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07-02-2014

Clarkson University Professor Delivers Keynote Lecture in the Netherlands

Clarkson University Professor of Mechanical and Aeronautical Engineering Piergiovanni Marzocca spoke in the Netherlands in May on morphing technologies.

Piergiovanni MarzoccaPiergiovanni MarzoccaThe Design, Modelling and Experiments of Advanced Structures and Systems (DeMEASS) Conference was organized by the Delft University of Technology.

Marzocca delivered a keynote lecture titled “Morphing Technologies and Their Development - From Deployable Wings to Flow Control: Are we ready for morphing?”

Morphing aircraft are capable of adapting to planned and unplanned multipoint mission requirements, including flight control in different speed regimes. By adapting aero-structure system features, conflicts that arise between high-speed and low-speed flight operations, including short take-off and landing, can be solved by design.

Recent approaches employed in designing deployable composite and membrane micro aerial vehicle wings and flow control technologies resort to sophisticated multi-physics computations, taking into account fluid-structure interaction, and to advanced experimental investigations.

Marzocca's lecture featured an overview of research topics on morphing vehicles, including modeling, simulation and experimental testing with application to flexible wing and integrated subsystems.

"Morphing technologies are sought as a solution to problems that cannot be solved with conventional technologies," Marzocca said. "Innovation is required specifically when the flight mission involves one or more conflicts requirements. This is why I am interested in this subject. I am always looking into creative solutions to approach complex problems, and this is the way we can transform our future by advancing technology and design."

Marzocca has worked in aerospace engineering since 1996 and specializes in multi-physics modeling and characterization of advanced materials and structures, dealing with the interactions among advanced structures and fluids, magnetic, electric and thermal fields. He said he was pleased and honored to be invited to deliver the keynote lecture.

"In aerospace technologies, morphing can be and has been achieved in many different ways. I tried to inspire younger scientists in the room to think big, think creatively and not to be afraid of trying innovative solutions," he said. "However, the key issue is to properly approach the problem at hand, use the proper modeling and simulation tools, don’t use oversimplified assumptions that might lead to results that are unfeasible and always use engineering judgment and confirm modeling solutions with experimental findings."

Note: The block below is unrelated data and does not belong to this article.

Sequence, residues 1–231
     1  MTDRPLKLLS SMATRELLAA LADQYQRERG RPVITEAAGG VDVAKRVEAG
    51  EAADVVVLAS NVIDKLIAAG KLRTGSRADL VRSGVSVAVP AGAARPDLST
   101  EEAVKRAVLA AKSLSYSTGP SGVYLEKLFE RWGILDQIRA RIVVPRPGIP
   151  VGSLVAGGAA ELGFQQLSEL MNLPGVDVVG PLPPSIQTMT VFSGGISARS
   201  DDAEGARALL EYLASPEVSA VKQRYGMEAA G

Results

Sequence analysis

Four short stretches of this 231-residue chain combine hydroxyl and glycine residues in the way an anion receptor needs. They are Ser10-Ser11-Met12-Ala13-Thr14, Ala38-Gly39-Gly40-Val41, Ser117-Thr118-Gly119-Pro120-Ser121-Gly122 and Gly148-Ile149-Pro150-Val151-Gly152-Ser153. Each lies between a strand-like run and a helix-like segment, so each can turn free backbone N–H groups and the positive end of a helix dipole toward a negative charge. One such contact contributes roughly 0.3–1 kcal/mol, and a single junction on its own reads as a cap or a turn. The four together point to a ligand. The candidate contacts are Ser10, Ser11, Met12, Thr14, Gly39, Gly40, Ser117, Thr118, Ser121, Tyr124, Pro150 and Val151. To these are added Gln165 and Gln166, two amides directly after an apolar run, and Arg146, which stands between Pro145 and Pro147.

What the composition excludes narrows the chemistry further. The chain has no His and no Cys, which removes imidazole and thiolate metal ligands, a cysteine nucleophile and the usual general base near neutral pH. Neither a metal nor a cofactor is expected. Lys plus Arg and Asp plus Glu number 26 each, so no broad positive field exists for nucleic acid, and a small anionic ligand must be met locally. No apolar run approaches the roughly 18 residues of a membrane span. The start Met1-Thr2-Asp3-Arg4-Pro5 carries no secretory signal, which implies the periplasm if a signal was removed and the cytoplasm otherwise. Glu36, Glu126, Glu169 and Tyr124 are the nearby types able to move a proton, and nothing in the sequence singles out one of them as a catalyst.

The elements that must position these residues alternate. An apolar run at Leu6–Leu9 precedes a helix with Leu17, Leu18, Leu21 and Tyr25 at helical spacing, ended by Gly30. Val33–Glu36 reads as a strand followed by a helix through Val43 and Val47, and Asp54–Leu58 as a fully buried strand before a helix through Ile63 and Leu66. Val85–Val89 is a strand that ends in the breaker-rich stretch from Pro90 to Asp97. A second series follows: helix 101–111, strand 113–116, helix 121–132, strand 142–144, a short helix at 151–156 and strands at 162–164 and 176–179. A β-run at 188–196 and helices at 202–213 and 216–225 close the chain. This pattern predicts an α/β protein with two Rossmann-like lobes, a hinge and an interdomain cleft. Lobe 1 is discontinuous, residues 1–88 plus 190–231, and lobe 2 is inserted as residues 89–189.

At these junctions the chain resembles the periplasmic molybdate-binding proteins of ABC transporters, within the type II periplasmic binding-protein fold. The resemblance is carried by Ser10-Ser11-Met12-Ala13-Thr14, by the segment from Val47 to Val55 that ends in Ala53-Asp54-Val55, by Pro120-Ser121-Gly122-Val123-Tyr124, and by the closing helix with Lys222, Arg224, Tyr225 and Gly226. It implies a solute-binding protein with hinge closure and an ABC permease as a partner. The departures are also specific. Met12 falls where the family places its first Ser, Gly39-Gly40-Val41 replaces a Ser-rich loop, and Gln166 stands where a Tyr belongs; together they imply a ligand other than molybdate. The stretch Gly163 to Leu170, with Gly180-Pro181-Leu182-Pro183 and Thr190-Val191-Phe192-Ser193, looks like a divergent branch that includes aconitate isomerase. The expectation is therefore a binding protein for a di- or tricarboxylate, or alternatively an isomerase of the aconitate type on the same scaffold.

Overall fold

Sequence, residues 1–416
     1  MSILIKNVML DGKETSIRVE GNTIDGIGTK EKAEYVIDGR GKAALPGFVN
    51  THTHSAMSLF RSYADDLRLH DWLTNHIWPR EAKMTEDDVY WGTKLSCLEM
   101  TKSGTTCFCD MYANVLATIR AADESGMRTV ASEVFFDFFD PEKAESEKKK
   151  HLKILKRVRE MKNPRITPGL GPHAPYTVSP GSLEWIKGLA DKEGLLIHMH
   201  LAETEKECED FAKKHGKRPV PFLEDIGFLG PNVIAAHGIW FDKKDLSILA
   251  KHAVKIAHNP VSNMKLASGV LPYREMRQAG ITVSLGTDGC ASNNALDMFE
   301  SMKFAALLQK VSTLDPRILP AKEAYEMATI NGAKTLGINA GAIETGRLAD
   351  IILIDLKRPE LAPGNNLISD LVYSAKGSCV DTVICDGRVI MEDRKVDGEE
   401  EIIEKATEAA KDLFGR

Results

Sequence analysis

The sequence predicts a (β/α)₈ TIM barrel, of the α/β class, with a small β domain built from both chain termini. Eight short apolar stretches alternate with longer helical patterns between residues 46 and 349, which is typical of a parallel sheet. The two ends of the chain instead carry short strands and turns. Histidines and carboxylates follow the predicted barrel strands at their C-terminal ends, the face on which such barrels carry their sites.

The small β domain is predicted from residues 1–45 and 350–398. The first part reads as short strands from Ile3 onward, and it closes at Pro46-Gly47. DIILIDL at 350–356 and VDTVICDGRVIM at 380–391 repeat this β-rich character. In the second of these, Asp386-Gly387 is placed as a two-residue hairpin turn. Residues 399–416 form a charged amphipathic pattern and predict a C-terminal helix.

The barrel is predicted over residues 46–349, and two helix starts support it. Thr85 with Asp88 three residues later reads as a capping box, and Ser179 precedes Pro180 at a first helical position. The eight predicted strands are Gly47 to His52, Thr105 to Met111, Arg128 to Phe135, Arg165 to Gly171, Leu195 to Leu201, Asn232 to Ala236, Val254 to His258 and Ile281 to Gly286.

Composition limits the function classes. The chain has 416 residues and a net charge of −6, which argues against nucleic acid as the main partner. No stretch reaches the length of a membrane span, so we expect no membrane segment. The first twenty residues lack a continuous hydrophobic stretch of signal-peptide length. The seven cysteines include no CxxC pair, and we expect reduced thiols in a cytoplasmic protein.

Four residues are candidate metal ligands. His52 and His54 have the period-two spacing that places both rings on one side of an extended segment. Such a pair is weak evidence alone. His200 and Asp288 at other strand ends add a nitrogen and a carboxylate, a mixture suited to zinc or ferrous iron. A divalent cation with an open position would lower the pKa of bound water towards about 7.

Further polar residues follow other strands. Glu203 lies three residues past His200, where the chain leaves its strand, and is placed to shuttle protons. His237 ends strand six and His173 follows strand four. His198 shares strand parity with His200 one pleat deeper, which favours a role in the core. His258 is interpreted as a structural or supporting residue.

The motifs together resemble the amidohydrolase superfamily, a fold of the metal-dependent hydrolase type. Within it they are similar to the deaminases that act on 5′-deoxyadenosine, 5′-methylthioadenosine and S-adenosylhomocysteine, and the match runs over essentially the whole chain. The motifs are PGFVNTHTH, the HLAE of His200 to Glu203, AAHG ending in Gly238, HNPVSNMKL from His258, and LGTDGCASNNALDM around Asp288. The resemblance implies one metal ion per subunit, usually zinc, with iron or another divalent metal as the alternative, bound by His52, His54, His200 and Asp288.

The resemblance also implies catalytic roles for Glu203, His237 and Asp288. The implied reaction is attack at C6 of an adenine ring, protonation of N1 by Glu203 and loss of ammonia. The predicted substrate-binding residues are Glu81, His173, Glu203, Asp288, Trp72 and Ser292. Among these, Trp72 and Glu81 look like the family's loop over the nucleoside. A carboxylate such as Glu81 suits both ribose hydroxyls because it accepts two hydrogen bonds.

Clarkson University launches leaders into the global economy. One in five alumni already leads as a CEO, VP or equivalent senior executive of a company. Located just outside the Adirondack Park in Potsdam, N.Y., Clarkson is a nationally recognized research university for undergraduates with select graduate programs in signature areas of academic excellence directed toward the world’s pressing issues. Through 50 rigorous programs of study in engineering, business, arts, sciences and health sciences, the entire learning-living community spans boundaries across disciplines, nations and cultures to build powers of observation, challenge the status quo, and connect discovery and engineering innovation with enterprise.

Photo caption: Clarkson University Professor of Mechanical and Aeronautical Engineering Piergiovanni Marzocca (fifth from right) delivered a keynote lecture on morphing technologies in the Netherlands.

[A photograph for media use is available at http://www.clarkson.edu/news/photos/pmarzocca-netherlands.jpg .]

[News directors and editors: For more information, contact Michael P. Griffin, director of News & Digital Content Services, at 315-268-6716 or mgriffin@clarkson.edu.]

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